PhD Position F/M Machine learning for efficient bimodal EEG-fMRI neurofeedback

Contract type : Fixed-term contract

Level of qualifications required : Graduate degree or equivalent

Fonction : PhD Position

About the research centre or Inria department

The Inria Centre at Rennes University is one of Inria's nine centres and has more than thirty research teams. The Inria Centre is a major and recognized player in the field of digital sciences. It is at the heart of a rich R&D and innovation ecosystem: highly innovative PMEs, large industrial groups, competitiveness clusters, research and higher education players, laboratories of excellence, technological research institute, etc.


The project lies at the interface of signal and image processing, behavioural neuroscience and neurofeedback. Neurofeedback approaches (NF) (see [1] for a complete and actual introduction), also known as restorative brain-computer interface (restorative BCI), consist in providing real-time feedback to a patient about his or her own brain activity in order to learn how self-regulate specific brain regions and help him or her perform a given task. The estimation of neurofeedback scores is done through online brain functional feature extraction relying for the majority on electroencephalography (EEG) or functional magnetic resonance imaging (fMRI). Recent studies [2, 3, 4] have shown the high potential of combining EEG and fMRI in a bi-modal NF training (i.e., NF scores are estimated in real-time from features of both modalities) to achieve an improved self-regulation, by providing a more specific estimation of the underlying neural activity. NF is a very promising brain rehabilitation technique for psychiatric disorders, stroke and other neurological pathologies.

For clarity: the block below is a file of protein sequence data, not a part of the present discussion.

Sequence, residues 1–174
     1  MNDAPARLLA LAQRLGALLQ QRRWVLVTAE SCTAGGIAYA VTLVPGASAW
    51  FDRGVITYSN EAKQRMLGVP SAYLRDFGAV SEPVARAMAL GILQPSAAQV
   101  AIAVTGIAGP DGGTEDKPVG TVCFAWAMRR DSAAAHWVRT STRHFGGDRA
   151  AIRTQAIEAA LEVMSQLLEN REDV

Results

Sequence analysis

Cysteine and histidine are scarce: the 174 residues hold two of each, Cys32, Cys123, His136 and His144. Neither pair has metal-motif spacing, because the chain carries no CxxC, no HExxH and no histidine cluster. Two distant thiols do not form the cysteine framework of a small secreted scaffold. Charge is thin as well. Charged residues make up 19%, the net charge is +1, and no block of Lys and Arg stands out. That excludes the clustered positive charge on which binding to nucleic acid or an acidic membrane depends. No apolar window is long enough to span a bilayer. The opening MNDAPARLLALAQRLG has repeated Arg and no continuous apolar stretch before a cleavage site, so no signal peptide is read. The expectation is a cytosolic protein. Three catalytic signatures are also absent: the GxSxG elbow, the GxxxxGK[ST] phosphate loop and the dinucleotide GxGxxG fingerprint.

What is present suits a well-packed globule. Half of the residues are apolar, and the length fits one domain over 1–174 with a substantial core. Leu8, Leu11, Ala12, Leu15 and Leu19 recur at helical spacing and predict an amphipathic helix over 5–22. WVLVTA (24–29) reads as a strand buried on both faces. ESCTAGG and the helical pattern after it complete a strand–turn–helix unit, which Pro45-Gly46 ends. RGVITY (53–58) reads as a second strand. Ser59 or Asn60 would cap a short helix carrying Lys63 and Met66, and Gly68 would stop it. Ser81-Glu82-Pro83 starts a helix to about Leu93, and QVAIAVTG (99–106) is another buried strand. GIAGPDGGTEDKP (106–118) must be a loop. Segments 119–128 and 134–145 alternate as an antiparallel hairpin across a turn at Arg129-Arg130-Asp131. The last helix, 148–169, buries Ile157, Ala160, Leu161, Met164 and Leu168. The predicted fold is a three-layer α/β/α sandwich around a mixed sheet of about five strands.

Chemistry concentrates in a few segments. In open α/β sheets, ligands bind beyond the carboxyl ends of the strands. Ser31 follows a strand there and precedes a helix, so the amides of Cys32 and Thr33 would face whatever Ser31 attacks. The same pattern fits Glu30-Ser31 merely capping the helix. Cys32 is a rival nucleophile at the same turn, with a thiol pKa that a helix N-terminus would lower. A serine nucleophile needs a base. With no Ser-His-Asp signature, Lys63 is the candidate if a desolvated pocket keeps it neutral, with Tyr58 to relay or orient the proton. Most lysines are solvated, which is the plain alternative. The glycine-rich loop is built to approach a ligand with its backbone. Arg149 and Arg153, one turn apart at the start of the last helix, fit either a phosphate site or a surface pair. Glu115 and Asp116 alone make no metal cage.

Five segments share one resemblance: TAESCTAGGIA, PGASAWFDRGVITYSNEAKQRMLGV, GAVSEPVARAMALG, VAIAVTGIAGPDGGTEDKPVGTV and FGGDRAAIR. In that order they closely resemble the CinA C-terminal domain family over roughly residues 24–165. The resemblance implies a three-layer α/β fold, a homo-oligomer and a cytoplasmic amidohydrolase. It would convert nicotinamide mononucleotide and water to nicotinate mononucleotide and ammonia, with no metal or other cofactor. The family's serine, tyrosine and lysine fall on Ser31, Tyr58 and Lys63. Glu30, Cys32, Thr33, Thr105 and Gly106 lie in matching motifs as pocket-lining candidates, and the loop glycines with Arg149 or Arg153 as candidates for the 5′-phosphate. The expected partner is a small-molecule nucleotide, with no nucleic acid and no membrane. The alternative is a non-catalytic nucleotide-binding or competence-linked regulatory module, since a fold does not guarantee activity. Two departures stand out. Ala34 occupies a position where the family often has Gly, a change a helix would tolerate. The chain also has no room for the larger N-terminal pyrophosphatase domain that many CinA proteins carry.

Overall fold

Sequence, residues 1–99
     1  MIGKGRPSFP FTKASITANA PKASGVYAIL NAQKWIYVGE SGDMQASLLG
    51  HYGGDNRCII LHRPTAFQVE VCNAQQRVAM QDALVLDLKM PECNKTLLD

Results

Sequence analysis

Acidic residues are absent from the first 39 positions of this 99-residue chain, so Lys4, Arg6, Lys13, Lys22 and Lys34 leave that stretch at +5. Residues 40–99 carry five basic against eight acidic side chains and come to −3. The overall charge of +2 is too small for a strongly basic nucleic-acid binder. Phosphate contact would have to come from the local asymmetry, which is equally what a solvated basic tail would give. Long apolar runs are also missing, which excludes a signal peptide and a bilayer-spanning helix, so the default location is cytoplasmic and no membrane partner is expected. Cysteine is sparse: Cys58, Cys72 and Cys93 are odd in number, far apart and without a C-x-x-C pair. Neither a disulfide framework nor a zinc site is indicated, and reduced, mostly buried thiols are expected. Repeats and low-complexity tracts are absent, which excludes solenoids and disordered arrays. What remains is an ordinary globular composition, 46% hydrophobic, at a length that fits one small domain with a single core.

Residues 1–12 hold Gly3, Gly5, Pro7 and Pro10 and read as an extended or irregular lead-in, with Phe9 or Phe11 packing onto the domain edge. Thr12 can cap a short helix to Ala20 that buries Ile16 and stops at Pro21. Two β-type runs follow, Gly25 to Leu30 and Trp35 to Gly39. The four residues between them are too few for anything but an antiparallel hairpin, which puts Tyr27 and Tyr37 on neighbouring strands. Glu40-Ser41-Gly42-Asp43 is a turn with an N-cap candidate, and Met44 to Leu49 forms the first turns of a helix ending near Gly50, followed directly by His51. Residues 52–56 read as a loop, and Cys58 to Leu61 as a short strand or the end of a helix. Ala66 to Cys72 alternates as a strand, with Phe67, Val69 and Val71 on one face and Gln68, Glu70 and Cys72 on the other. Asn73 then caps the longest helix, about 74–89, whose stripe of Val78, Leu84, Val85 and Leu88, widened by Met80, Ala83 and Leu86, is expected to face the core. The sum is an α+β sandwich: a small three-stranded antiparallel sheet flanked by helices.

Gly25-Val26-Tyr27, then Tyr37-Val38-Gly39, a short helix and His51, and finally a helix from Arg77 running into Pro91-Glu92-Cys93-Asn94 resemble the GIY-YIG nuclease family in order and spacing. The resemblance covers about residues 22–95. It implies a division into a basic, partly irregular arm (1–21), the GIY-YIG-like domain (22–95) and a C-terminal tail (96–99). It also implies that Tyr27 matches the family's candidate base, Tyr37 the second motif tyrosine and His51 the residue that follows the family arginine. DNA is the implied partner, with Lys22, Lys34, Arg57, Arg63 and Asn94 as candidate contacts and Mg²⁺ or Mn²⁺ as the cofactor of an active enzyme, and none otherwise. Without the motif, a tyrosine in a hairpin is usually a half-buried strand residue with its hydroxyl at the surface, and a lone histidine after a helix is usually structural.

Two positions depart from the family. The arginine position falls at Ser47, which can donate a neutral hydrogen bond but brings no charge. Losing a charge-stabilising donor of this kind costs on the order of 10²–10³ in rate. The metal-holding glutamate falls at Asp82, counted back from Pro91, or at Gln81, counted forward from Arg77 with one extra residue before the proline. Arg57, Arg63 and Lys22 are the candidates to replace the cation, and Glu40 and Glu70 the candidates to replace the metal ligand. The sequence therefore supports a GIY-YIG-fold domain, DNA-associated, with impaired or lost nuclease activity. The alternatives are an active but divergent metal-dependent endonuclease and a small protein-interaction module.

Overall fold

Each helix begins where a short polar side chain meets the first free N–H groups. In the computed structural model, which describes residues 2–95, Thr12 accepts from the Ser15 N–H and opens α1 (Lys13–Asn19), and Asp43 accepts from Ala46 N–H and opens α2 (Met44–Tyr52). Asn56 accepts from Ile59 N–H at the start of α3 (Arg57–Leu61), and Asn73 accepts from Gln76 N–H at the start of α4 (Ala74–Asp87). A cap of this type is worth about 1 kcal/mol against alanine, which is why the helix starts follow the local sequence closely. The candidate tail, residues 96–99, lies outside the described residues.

Measures of brain activity through fMRI or EEG are ground solutions in the context of NF for brain rehabilitation protocols and EEG is currently the only modality used by NF clinical practitioners. EEG, which directly measures changes in electrical potential occurring in the brain in real time, has an excellent temporal resolution (hundreds of milliseconds), but has a limited spatial resolution (around centimeter) due to cortical currents volume conduction through head tissue. On the other hand, fMRI offers a better spatial resolution (few millimeters) but has slow dynamics (one or two seconds) as it measures neuro-vascular (i.e. changes in the blood oxygenation level) activities, which occurs in general, a few seconds after a neural event [5, 6]. Moreover, using a MRI scanner is costly, exhausting for patients (since staying perfectly still when suffering is challenging), and time-consuming.